19th Century Paintings

19th Century Paintings

From the beginning of the 1800s we saw a huge expansion in British & European art movements. The Victorian era produced a number of distinct artistic movements.


Impressionism is a 19th-century art movement, associated especially with French artists. Artists such as Claude Monet, Pierre Auguste Renoir and Camille Pissarro. They attempted to accurately and objectively record visual ‘impressions’ by using small, thin, visible brushstrokes. These coalesced to form a single scene. They emphasize movement and the changing qualities of light. Being anti-academic in its formal aspects, the impressionists responded to traditions. These had recently excluded them from the government-sponsored annual exhibitions called Salons. They responded by creating independent exhibitions outside of the established venues of the day.


Romanticism embodies a broad range of disciplines, from painting to music to literature. The ideals present in each of these art forms reject order, harmony, and rationality. They embraced both classical art and Neoclassicism. Instead, Romantic artists emphasized the individual and imagination. Another defining Romantic ideal was an appreciation for nature. With many turning to plein air painting, which brought artists out of dark interiors and enabled them to paint outside. Artists also focused on passion, emotion, and sensation over intellect and reason.

Prominent Romantic painters include Henry Fuseli, who created strange, macabre paintings that explored the dark recesses of human psychology. William Blake, whose mysterious poems and images conveyed mystical visions and his disappointment in societal constraints.


As its name suggests, the Neoclassical period drew upon elements from classical antiquity. Archaeological ruins of ancient civilizations in Athens and Naples that were discovered at the time reignited a passion for all things past. Artists strove to recreate the great works of ancient art. This translated to a renewed interest in classical ideals of harmony, simplicity, and proportion.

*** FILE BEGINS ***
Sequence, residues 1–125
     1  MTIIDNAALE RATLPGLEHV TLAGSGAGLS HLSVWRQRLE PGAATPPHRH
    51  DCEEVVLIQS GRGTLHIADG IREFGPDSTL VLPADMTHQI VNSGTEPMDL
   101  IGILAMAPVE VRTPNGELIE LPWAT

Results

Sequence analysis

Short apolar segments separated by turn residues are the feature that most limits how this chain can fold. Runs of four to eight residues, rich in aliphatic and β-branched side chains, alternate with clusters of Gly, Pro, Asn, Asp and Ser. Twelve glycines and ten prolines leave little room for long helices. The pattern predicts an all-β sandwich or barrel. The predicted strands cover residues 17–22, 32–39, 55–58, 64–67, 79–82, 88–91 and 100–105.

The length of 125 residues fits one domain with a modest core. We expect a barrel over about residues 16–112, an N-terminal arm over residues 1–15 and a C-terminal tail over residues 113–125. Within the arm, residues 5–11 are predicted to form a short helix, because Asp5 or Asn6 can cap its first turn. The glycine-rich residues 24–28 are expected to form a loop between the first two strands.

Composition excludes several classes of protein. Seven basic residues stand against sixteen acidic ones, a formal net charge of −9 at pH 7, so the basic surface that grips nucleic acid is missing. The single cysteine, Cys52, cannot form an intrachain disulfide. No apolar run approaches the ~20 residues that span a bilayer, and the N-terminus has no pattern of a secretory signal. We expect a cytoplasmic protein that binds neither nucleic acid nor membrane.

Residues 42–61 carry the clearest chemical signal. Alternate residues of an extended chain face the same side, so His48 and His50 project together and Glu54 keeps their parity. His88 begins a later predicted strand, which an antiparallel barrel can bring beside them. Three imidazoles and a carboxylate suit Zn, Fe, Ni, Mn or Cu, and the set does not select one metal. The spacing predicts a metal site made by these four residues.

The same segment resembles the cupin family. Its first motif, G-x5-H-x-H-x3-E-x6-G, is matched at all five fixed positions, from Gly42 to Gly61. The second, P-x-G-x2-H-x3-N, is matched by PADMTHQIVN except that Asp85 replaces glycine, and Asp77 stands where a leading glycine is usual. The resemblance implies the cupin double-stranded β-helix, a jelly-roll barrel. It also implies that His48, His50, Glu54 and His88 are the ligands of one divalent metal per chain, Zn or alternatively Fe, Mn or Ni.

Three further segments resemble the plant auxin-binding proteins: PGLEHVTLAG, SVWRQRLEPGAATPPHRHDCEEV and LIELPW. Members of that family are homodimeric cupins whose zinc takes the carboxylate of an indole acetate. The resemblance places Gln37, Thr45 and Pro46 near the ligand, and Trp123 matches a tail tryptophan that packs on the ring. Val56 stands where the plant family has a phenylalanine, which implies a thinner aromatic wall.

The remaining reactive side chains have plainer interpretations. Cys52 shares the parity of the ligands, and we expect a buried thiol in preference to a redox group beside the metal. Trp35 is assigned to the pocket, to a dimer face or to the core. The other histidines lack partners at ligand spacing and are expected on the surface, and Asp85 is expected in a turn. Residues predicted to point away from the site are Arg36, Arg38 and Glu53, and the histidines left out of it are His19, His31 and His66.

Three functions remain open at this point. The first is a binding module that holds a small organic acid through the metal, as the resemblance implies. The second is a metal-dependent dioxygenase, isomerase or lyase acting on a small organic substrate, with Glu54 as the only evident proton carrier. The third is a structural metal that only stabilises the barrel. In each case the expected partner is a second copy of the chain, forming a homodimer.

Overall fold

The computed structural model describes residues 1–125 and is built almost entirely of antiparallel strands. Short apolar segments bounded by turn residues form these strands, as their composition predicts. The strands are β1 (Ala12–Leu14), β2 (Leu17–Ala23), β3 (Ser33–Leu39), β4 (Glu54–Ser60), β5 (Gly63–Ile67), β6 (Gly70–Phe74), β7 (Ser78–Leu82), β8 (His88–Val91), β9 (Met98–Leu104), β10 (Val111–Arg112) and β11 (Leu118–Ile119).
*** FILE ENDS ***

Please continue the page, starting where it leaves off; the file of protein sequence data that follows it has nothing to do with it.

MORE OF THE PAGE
Neoclassical artists were influenced by classical elements. In particular, a focus on idealism. Inevitably, they also included modern, historically relevant depictions in their works. Italian sculptor Antonio Canova drew upon classical elements in his marble sculptures. He avoided the cold artificiality that was represented in many of these early creations.

Pre-Raphaelite Brotherhood

The Pre-Raphaelite Brotherhood (later known as the Pre-Raphaelites) was a group of English painters, poets, and art critics, founded in 1848. William Holman HuntJohn Everett MillaisDante Gabriel RossettiWilliam Michael RossettiJames CollinsonFrederic George Stephens and Thomas Woolner. They formed a seven-member “Brotherhood”. This was modelled in part on the Nazarene movement.[1] The Brotherhood was only ever a loose association and their principles were shared by other artists of the time. These included Ford Madox BrownArthur Hughes and Marie Spartali Stillman. Later followers of the principles of the Brotherhood included Edward Burne-JonesWilliam Morris and John William Waterhouse.

The group sought a return to the abundant detail, intense colours and complex compositions of Quattrocento Italian art. They rejected what they regarded as the mechanistic approach first adopted by Mannerist artists who succeeded Raphael and Michelangelo. The Brotherhood believed the Classical poses and elegant compositions of Raphael in particular had been a corrupting influence on the academic teaching of art. Hence the name “Pre-Raphaelite”. In particular, the group objected to the influence of Sir Joshua Reynolds, founder of the English Royal Academy of Arts., The group associated their work with John Ruskin,[3] an English critic whose influences were driven by his religious background. Christian themes were abundant.

The group continued to accept the concepts of history painting and mimesis, imitation of nature, as central to the purpose of art. The Pre-Raphaelites defined themselves as a reform movement, created a distinct name for their form of art. They published a periodical, The Germ, to promote their ideas. The group’s debates were recorded in the Pre-Raphaelite Journal. The Brotherhood separated after almost five years.

19th Century Paintings

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